Indochina, ‘Greater France’ and the 1931 Colonial Exhibition in Paris

by Marco R. Deyasi

Publication: History Workshop Journal, 80, pp 123-141 | DOI 10.1093/hwj/dbv035

Language : English

2015 - 19 pages

'Angkor Wat in Blue, White and Red'

Since the first 1867 Paris Exposition coloniale, Angkor, or an "ersatz Angkor" -- to use the term coined by the author -- remodeled by French architects without the slightest participation of Cambodian people, was central in the making of the "colonial imaginary".

Developing previous studies on "Cambodia-ness" as a French colonialist ideological fabrication, the author is inclined to follow the trend of post-colonial critics, who tend to detect some kind of political agenda even in the most sincere and open-minded attempts of developing scientific and cultural knowledge of the submitted nations. He judges with particular severity George Groslier's contribution, contending that his "book [Cambodian Dancers, Ancient and Modern] focused on the royal dancers as the last surviving form of Khmer culture, a culture that he imagined was an unchanging tradition transmitted through the generations since antiquity. For him, Sisowath’s dancers were living fossils, representatives of Angkorean culture itself and belonging to an ancient past that was rapidly disappearing. In numerous passages, he deplored the impending doom of Khmer culture and its traditions of dance, declaring that contact with French modernity would inevitably destroy them. Most of these passages are overblown and exaggerated: ‘They are dying! They are dying, these charming traditions and poetry of times past’..."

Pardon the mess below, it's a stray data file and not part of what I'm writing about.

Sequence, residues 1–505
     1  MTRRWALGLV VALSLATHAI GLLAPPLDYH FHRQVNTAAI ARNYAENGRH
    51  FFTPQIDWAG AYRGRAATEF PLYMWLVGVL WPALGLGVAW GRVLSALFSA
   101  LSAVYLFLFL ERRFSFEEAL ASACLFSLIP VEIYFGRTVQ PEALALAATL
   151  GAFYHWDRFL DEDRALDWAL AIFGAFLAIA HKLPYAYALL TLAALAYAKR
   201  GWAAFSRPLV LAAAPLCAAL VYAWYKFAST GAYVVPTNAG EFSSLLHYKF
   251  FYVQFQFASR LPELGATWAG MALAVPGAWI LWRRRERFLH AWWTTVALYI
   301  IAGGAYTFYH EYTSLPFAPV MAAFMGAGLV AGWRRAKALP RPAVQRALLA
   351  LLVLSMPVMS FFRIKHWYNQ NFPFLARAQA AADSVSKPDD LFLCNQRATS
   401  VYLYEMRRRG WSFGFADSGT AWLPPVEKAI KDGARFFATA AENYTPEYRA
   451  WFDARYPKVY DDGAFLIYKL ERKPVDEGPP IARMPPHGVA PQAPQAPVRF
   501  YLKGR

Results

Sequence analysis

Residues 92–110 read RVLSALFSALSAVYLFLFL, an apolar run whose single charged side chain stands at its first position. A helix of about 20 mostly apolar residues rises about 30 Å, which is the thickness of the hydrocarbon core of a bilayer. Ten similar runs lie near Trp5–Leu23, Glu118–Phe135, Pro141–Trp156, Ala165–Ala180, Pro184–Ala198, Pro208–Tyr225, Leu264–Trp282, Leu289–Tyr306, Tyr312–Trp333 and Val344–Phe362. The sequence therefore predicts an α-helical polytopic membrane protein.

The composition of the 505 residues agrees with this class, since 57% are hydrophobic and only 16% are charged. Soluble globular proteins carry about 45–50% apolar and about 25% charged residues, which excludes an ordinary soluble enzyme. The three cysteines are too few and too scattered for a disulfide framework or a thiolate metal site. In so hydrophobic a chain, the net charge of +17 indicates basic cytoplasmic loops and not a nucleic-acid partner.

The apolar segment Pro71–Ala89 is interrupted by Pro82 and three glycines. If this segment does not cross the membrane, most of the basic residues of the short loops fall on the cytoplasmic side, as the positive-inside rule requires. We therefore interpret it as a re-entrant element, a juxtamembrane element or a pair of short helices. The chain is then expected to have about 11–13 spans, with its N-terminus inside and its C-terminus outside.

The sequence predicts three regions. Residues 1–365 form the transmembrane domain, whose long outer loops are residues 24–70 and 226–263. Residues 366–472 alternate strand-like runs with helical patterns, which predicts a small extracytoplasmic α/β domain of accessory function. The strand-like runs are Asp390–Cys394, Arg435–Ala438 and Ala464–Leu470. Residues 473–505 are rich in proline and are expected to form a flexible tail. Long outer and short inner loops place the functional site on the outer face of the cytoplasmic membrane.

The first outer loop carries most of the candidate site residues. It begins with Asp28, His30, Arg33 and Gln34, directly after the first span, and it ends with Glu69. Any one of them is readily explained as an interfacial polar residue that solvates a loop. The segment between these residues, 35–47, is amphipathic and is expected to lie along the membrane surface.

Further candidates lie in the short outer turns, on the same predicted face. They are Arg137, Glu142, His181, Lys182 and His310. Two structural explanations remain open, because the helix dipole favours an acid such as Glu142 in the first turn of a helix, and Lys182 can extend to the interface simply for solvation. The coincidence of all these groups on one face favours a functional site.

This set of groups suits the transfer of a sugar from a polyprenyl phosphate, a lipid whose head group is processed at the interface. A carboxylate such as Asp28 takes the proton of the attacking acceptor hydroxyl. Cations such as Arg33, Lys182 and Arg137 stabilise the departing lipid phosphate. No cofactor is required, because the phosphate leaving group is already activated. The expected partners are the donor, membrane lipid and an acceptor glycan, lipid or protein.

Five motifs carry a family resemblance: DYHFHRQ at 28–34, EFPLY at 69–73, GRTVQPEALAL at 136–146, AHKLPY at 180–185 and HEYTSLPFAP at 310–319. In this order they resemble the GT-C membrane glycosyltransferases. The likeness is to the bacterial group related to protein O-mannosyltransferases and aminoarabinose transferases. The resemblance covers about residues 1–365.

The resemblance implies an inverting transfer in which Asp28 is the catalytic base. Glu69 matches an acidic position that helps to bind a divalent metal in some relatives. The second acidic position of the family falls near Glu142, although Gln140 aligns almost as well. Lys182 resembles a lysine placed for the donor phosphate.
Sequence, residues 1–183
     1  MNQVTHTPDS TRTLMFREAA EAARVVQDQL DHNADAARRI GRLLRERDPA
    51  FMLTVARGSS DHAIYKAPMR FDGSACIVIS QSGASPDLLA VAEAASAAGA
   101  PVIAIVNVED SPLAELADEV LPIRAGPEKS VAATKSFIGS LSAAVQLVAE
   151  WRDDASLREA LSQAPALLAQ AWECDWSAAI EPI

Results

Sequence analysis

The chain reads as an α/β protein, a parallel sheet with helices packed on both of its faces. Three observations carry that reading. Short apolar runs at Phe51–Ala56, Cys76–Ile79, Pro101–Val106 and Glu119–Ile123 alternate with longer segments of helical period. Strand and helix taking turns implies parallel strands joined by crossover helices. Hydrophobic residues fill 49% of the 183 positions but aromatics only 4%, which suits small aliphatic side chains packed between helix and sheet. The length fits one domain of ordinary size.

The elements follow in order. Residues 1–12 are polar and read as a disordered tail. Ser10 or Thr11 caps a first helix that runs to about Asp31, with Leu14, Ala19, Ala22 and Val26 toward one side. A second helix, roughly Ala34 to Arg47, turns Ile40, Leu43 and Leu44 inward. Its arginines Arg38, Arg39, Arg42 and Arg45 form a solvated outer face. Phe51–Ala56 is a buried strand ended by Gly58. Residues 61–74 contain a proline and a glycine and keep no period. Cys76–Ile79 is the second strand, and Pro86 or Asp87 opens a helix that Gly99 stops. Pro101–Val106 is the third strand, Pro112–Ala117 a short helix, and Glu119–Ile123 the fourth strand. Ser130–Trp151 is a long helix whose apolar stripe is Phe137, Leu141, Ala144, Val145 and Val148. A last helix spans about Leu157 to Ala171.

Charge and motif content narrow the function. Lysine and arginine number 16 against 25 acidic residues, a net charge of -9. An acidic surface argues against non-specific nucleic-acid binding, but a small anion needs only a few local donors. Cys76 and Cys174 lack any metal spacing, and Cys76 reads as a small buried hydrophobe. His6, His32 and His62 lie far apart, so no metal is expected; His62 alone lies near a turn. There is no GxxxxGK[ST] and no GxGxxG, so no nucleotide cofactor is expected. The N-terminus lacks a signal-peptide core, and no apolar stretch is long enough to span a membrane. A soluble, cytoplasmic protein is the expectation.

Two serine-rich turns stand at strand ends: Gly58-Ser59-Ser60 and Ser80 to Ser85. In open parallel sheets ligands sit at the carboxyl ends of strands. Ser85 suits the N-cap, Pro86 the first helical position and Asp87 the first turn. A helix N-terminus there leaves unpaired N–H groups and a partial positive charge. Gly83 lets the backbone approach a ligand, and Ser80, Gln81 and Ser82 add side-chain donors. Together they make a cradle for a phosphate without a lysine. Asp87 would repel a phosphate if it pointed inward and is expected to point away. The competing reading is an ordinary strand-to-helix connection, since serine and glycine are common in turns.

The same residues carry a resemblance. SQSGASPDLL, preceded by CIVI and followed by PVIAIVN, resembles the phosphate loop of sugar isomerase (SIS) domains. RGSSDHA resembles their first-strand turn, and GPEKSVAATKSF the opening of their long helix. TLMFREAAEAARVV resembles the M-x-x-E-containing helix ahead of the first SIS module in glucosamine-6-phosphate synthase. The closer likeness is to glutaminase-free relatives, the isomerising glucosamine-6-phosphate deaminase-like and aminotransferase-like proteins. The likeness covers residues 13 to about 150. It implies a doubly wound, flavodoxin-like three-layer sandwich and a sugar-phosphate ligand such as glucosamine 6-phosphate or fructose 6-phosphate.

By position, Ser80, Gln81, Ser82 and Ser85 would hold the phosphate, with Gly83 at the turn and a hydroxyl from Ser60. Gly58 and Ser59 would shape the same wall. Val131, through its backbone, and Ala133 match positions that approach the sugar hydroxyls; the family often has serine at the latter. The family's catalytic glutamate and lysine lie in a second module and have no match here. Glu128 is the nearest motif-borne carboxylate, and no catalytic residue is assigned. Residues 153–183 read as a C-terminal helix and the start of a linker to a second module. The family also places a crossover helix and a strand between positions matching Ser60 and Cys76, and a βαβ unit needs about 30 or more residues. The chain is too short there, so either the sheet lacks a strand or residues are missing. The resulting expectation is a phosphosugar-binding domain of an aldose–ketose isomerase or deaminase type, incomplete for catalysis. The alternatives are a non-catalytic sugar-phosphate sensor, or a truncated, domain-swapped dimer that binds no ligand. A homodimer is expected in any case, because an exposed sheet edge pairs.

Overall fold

According to the author, the 1931 Exhibition marked the peak of an ideological enterprise designed to achieve one sole achievment: 'Khmer culture had been ‘reconstituted’ by French science and regenerated by colonial policy as part of the humanitarian mission of France overseas. The celebration of Khmer culture was itself a patriotic gesture sustaining ‘Greater France’: Angkor was topped with a tricolor and lit with blue, white and red lights. Thus, in the imagination of colonial administrators, the ancient Khmer culture symbolized by the Angkor pavilion had become French (...) Thus, paradoxically, an ancient Khmer temple became a resonant symbol of imperial ‘Greater France’. Thanks, in part, to Groslier’s efforts, Cambodia became French and France became Cambodian."

The recent Khmer translation of Groslier's above mentioned book shows that history and time proved us otherwise.

Photo: The 1931 Colonial Exhibition, Cambodian Pavilion (source: Scala-Art Resource)

About the Author

Marco R. Deyasi

Marco R. Deyasi is an art historian and faculty member of the Department of Art History, Concordia University (Canada), with his research focusing on the impact of Vietnamese and Cambodian art and culture in France.

His doctoral dissertation at Duke University (USA) was titled “French Visual Culture and 'Indochina': Modernism, Primitivism, Colonialism, 1889–1931”. He was also a visiting professor at University of Idaho,

His latest publication was French Modern Art and “Indochina” 1889-1931: Colonialism, Primitivism, and Visual Culture. Focusing on postcolonial and critical race studies, he is currently working on a book on Classicism Contested: Archaism, Colonialism, and Modernist Sculpture in France, 1890-1940.